Paola Viganò wins the Schelling Award for Architectural Theory

© 2022 EPFL

© 2022 EPFL

Paola Viganò, an architect, urbanist and full professor at EPFL and Iuav University of Venice, has won the prestigious Schelling Award in recognition of her crucial contribution to urgent urban development issues. 

The Schelling Architecture Foundation has selected EPFL professor Paola Viganò as the winner of the 2022 Schelling Award for Architectural Theory. “Paola Viganò is one of the key voices in the European debate on pressing issues of today’s urban development – questions that she addresses in her theoretical writings, but also gives answers to as a practical planner,” notes the Foundation on its website.
The Foundation also mentions the research carried out by Viganò, a trained architect and urbanist, into the inequalities of urban development in the context of globalization and the spatial requirements for an inclusive city: “Her work could be interpreted as an ecological continuation of the discussion about the intermediate city, which has become extremely topical today with respect to the housing shortage and the question of urban expansion.”

2022 Schelling Award

A 30-year career still going strong
Born in Sondrio, Italy, Paola Viganò studied architecture at the University of Florence and completed her PhD at Iuav University of Venice. In 1990, she opened her own studio with Bernardo Secchi. She subsequently worked as a visiting professor at the Catholic University of Louvain, EPFL, Aarhus School of Architecture in Denmark, Harvard GSD and the University of Virginia.
In 2013, Viganò became the first woman to win the Grand Prix de l’Urbanisme in France, and in 2016 she was awarded an honorary doctorate at the Catholic University of Louvain (as part of the “Year of Utopias for our Time”). She also received the 2017 Ultima Architectuur Prize from the Flemish Ministry of Culture for Architecture and the 2018 Gold Medal for Lifetime Achievement at the Triennale di Milano.
It was in 2013 that Viganò began teaching at EPFL, where she leads the Laboratory of Urbanism and Urban Design (LAB-U) and the Habitat Research Center (HRC) on urbanization in transition.

Major urban projects
Viganò’s studio has won multiple international competitions, including the new Theater Square and Spoornoord Park in Antwerp, which were both named best public spaces in Flanders. Her studio was hired as an external consultant to create the City Structural Plan, a system of public spaces in Mechelen, which was a finalist in the European Public Space Award. The work by her studio on the Courrouze district in Rennes earned it the 2011 EcoQuartier “Nature in Cities” prize from the Ministry of Ecology.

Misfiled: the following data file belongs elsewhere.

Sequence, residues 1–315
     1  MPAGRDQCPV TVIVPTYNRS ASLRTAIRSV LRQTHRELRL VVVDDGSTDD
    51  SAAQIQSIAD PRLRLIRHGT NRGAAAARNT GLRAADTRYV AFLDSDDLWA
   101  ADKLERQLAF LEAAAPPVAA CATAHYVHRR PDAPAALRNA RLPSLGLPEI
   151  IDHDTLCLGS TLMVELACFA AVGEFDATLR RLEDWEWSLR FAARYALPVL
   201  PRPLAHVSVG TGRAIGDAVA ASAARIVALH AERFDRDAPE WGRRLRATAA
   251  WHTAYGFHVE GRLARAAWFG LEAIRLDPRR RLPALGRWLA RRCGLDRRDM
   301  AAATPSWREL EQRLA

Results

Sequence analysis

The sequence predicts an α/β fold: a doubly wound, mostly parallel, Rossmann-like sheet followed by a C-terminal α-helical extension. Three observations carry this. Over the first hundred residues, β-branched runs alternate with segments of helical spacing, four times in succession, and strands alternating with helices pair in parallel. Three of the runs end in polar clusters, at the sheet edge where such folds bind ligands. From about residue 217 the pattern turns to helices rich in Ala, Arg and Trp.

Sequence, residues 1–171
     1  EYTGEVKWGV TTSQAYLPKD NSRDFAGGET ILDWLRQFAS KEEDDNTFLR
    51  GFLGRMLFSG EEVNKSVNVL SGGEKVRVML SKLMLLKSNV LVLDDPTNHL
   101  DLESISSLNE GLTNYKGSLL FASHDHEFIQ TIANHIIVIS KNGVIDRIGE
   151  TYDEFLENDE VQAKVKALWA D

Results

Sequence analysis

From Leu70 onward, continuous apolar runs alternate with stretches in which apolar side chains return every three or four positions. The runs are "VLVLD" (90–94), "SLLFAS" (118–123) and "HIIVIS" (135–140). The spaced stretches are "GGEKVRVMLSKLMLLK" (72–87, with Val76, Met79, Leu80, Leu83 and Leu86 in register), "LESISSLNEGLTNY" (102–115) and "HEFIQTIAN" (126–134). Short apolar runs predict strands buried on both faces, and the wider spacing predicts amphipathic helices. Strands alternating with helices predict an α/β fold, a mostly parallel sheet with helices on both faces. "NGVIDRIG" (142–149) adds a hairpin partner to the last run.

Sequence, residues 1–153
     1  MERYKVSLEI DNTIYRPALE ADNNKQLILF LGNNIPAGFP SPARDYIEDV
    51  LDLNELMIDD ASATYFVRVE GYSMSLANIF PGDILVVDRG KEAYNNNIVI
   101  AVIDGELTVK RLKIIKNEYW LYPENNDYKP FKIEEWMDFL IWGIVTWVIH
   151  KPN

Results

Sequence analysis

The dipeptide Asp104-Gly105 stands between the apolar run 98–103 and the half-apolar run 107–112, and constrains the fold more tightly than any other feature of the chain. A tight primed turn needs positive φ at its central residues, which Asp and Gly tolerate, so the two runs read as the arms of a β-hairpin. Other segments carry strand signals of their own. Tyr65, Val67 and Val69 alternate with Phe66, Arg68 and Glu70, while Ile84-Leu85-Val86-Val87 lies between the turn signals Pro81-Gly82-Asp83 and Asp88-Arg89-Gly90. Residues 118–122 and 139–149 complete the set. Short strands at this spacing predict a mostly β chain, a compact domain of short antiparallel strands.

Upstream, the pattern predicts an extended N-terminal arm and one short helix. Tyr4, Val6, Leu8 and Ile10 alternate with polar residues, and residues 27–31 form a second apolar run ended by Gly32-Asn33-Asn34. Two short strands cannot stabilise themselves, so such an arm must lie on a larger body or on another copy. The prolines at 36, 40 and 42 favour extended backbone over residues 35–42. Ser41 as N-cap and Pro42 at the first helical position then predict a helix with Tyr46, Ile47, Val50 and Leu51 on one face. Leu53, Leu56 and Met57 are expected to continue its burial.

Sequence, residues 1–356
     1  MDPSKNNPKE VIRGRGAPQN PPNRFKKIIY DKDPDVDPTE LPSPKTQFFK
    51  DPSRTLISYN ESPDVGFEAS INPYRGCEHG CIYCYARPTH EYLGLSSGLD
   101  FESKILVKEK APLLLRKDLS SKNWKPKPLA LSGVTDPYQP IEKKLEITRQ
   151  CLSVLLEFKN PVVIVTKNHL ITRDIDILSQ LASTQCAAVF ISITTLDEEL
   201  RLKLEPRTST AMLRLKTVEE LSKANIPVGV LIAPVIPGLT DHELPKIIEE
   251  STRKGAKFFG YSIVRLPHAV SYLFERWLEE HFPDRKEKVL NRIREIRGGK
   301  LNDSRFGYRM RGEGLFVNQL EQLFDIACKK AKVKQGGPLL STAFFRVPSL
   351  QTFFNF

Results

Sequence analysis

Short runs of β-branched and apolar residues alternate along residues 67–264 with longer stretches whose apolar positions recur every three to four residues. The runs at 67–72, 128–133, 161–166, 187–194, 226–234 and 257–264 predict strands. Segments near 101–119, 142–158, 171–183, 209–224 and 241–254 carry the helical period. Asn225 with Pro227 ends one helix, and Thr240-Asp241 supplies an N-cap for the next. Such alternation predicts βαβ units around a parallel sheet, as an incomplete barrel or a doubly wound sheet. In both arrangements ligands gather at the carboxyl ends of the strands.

Viganò’s studio has also shaped major international urban development projects for large metropolitan areas such as Greater Paris, Brussels 2040, Lille 2030, Montpellier 2040 and the New Moscow.
Since 2015, her studio has worked on urban and landscape projects in Europe, including the Lecco waterfront, Antwerp Over de Ring, public spaces in Brussels, the Plan Guide Cœur de Métropole in Brest, the Flaminio neighborhood in Rome and the Lugano PdCom.

Studio Paola Viganò

The Schelling Awards
The Schelling Architecture Foundation hands out the Schelling Award for Architecture and the Schelling Award for Architectural Theory once every two years. The awards, which include 30,000 euros in prize money, recognize future-oriented developments in architecture as well as incisive accomplishments in architectural theory. An international panel of seven people selects the winner.
Past winners include American architect Keller Easterling, a professor at Yale University; Finnish architect Juhani Pallasmaa, a former professor of architecture at Helsinki University of Technology and the former director of the Museum of Finnish Architecture; British architect Kenneth Frampton, a professor of architecture at the Graduate School of Architecture and Planning at Columbia University in New York; and the late Swiss architect Martin Steinmann, a professor of architectural design and theory at EPFL from 1987 to 2007.

Author: Sandrine Perroud

Source: Prizes and awards

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